IMET Evolution: ELA/Literacy

An SAP literacy specialist explains how small changes to the IMET can have a big impact on users

During the past several months, I’ve been coordinating the 2015 ELA/literacy revisions to the Instructional Materials Evaluation Tool (IMET) for the Student Achievement Partners (SAP) literacy team. Last year, we added the K-2 tool and an evidence column for all of the metrics. This summer’s improvements reflect feedback from a variety of sources including people who used the tool during the past year, partner organizations, and members of our own team who, through their work in the field, identified parts of the tool that could be more useful and clear. Essentially, this year’s changes are all geared toward making the IMET more supportive for the individuals and teams using it to do the hard work of reviewing materials.

The changes almost all focus on making the “How to Find the Evidence” column for each metric much more specific and concrete so it is more helpful to users who, well, want to find the evidence of whether or not the submission is aligned on each dimension of the criterion. So each dimension is divided into two sections: “What to look for” and “Where to look.” Common Core ELA author Susan Pimentel took the initial pass at defining all the “how to find’s” and “where to find’s” and other members of the Student Achievement Partners literacy team worked on refining Susan’s work. Our collected efforts were then shared with partners and reviewers for feedback.

Here’s a before and after chart on one dimension of Alignment Criterion 1 so you can see how this guidance is now much more pinpointed:

IMET ELA Revision Before and After

While these revisions won’t necessarily yield different results than reviews done with the previous version, we hope that these changes, made in direct response to feedback from users, will improve the usability and functionality of the tool. In addition, in order to provide more support to those using the IMET, SAP will be publishing professional development modules in the fall to help districts and states engaging in this difficult and important work.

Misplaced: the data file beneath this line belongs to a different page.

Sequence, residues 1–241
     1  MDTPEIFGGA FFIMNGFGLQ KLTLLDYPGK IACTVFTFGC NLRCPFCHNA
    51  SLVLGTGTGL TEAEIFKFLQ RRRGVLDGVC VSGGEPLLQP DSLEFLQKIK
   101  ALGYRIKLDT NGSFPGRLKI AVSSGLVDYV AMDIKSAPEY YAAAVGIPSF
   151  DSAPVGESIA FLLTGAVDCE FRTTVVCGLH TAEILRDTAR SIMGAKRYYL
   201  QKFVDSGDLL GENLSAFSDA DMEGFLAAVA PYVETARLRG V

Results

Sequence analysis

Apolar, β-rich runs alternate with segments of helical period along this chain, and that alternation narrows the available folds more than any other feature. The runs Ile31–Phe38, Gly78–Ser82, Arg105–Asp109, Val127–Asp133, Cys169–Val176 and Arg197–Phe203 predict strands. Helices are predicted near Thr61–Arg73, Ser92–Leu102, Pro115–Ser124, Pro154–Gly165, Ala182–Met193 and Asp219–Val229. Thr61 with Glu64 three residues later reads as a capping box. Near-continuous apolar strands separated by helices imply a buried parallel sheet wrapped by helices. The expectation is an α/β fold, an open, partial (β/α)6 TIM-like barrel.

Though the improved specificity and focus of the evidence column was the focus of this summer’s improvements, we also made a few changes to the introductory materials and guidance to make it more clear what the IMET does and does not address. Essentially, the IMET focuses on CCSS alignment and quality. Because the IMET doesn’t examine all of the many considerations a district needs to contemplate when adopting materials, we provided links to other evaluation tools that could provide more fine grained analysis on other important questions. We invite you to check out this year’s model and let us know what you think.

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About the Author: Meredith Liben is the Director of the Literacy and English Language Arts team at Student Achievement Partners. Meredith has taught and administered in a wide range of settings over the past 30 years. She has taught every grade from kindergarten through grad school and has been collaborating with David Liben for the past twenty-eight years in many of these endeavors, including the founding of two innovative model schools in New York City - New York Prep, a junior high school in East Harlem, and in 1991, the Family Academy. Meredith has a bachelor’s degree in Classics and Government from Oberlin College and a master’s degree and advanced work from the University of Massachusetts and City University of New York.